Jerry (Ryan Reynolds) is a troubled young man who just wants to live a normal life, but that is hard when his pets talk to him (yes, you read that right). And after his crush (Gemma Arterton) stands him up after he asked her out, things take a dark and weird turn. So now we have our weird thriller that is also a dark comedy. And I gotta say that I really enjoyed the plot of this movie. Now, it’s a very weird one because it goes in a couple of directions that I didn’t really expect, which I really liked. It managed to catch me off guard quite a lot, managing to create not only odd and funny moments, but also suspenseful and dramatic ones too. Now, the tone of this movie is a little all over the place with this movie which will put some people off, but for me it actually kind of work within the context of the story and the main character. So yeah, I really enjoyed the plot of this movie.

The characters in this movie are all unique, interesting, and quite fun. Jerry can seem like your average, likable guy at first, but as the plot moves along we get to know him a bit more, and we find out just how troubled he is. And Ryan Reynolds is fucking fantastic in the role, perfectly balancing the funny and the tense/dramatic aspects of the character. Gemma Arterton plays his workplace crush who basically helps get the main plot going, and she’s good in the role. Anna Kendrick plays another one of Jerry’s colleagues and she’s really good in the role. Jacki Weaver plays Jerry’s psychiatrist, Dr. Warren, and she’s great in the role. And let’s just get through this quickly: Ella Smith, Paul Chahidi, Stanley Townsend, Adi Shankar, and Sam Spruell all do very well here. Now, I wanted to rush through those guys because I wanted to talk about two of the most interesting characters in the movie: Jerry’s pets (yes, you read that right). I did already mention that they talk to him, and what I like about that is they’re given interesting personalities too. The dog, Bosco, is Jerry’s moral compass and always tries to talk Jerry into being a good boy. And the cat, Mr. Whiskers… well, he’s just a huge asshole, always trying to make Jerry be a bad guy. Really, this movie is filled with interesting characters and solid performances.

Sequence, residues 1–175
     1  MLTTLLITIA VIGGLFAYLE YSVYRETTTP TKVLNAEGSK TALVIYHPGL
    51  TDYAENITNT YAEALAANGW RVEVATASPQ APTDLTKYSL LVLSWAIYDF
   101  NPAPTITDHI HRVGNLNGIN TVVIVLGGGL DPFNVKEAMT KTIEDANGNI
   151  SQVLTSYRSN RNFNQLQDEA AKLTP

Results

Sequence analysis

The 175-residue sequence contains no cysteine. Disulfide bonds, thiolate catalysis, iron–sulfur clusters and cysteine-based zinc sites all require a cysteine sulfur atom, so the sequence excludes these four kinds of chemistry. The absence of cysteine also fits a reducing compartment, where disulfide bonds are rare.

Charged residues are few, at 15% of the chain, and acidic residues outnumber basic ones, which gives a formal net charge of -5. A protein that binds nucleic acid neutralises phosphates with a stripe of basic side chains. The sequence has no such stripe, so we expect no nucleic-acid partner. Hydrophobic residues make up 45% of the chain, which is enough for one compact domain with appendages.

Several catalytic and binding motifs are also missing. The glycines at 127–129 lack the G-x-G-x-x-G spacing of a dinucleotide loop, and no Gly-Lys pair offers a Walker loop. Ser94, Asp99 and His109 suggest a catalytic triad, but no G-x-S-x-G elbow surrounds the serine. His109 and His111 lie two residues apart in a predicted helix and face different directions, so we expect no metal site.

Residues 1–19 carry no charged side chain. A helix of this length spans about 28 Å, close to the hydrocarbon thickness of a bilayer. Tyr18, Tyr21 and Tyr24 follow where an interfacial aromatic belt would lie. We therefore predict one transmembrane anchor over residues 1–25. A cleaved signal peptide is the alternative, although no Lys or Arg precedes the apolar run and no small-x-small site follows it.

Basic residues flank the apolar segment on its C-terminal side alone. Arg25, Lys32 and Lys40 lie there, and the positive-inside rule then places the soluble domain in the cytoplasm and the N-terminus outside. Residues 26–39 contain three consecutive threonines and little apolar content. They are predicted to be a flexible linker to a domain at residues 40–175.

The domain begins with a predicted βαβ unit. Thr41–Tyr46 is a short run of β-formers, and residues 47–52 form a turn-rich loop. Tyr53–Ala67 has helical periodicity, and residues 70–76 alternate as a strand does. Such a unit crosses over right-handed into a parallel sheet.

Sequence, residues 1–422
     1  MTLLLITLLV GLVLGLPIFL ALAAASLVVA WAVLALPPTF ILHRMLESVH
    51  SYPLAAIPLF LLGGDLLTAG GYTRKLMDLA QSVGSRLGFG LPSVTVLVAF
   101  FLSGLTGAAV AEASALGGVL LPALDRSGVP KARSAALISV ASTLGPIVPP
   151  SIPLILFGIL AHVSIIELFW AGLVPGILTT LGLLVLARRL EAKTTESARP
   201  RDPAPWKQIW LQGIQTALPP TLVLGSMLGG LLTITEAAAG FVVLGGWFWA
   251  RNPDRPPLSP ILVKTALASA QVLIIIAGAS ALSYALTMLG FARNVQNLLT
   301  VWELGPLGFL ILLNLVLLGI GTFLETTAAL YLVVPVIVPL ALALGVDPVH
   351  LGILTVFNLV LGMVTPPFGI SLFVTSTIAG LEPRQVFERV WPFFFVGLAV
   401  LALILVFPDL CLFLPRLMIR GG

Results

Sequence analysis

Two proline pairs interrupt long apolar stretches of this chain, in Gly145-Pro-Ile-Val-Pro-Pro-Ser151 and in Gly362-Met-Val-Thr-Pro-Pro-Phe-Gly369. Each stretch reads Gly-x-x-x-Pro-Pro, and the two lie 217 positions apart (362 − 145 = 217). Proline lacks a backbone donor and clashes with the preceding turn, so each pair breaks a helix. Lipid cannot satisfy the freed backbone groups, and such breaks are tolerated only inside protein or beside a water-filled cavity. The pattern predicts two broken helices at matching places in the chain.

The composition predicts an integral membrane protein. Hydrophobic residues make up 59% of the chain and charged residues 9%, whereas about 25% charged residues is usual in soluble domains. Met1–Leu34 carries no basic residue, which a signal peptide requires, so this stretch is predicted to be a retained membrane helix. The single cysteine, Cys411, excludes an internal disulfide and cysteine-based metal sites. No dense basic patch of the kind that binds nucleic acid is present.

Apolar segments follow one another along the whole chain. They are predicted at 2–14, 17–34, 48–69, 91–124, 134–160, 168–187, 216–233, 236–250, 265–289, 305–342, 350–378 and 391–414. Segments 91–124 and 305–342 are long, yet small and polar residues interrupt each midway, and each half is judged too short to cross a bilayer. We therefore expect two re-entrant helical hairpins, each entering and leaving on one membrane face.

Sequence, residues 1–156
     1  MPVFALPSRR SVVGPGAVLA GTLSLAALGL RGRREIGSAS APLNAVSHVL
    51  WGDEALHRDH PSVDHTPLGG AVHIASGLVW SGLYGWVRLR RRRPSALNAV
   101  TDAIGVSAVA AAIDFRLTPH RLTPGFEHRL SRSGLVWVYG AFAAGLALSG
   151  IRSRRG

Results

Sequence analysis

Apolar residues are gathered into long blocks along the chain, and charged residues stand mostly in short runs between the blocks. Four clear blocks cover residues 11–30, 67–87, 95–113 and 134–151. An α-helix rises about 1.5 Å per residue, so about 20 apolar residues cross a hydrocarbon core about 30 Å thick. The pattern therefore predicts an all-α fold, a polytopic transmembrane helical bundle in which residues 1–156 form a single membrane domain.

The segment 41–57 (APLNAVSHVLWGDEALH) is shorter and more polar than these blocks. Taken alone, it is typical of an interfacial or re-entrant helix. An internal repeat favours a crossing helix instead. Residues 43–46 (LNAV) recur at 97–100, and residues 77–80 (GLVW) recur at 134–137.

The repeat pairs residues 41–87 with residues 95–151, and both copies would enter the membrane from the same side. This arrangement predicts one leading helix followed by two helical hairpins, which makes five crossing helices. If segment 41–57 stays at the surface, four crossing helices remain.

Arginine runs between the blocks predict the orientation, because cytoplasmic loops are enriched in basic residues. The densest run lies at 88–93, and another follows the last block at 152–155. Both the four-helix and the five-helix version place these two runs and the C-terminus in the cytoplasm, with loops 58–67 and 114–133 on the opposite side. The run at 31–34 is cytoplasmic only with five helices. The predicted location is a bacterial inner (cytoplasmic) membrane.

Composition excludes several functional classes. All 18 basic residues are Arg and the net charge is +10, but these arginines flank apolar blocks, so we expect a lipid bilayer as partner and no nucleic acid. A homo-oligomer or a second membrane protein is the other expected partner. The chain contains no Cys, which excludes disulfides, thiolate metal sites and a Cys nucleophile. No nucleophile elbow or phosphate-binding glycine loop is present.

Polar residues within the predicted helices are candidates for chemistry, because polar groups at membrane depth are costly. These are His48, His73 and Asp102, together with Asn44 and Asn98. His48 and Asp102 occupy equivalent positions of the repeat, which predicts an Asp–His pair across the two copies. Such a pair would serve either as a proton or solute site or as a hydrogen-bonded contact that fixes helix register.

The score for the movie was composed by Olivier Bernet and it’s really good. Sure, a lot of it sounds similar to a lot of other horror/thriller scores, but I think it still works for the movie. There are of course also less serious tracks in here too for certain moments in the film, and they all work very well too. There’s also one licensed track that they use in the movie. I’m not gonna say what song it is or how they use it, but let’s just say that it’s very unexpected and just awesome.

This movie was directed by Marjane Satrapi and I think she did a great job here. She manages to create a lot of suspense here, while also managing to create a fun mood for the lighter scenes. Also, I didn’t expect a lot in terms of cinematography with this movie, but holy shit am I glad to have been proven wrong… this movie looks great! And since I’ve mentioned a few times how this is a dark comedy, how is the actual humor in the movie? Well, I thought it was hilarious… but that’s mainly because of my love for dark and off-kilter humor. I laughed a lot… maybe I’m just a bad person, who the fuck knows?

This movie has been decently well received. On Rotten Tomatoes it has a 73% positive rating. On Metacritic it has a score of 58/100. And on imdb.com it has a score of 6,4/10.

“The Voices” isn’t for everyone, but as someone that likes dark, weird, and off-kilter comedies, I thought it was great. It has a really good plot, really good characters, great performances, really good music, really good directing, and great humor. Time for my final score. *Meow*. My final score for “The Voices” is a 9,56/10. This of course means that it gets the “SEAL OF APPROVAL!”.

My review of “The Voices” is now completed.

SEE… I TOLD YOU CATS ARE ASSHOLES!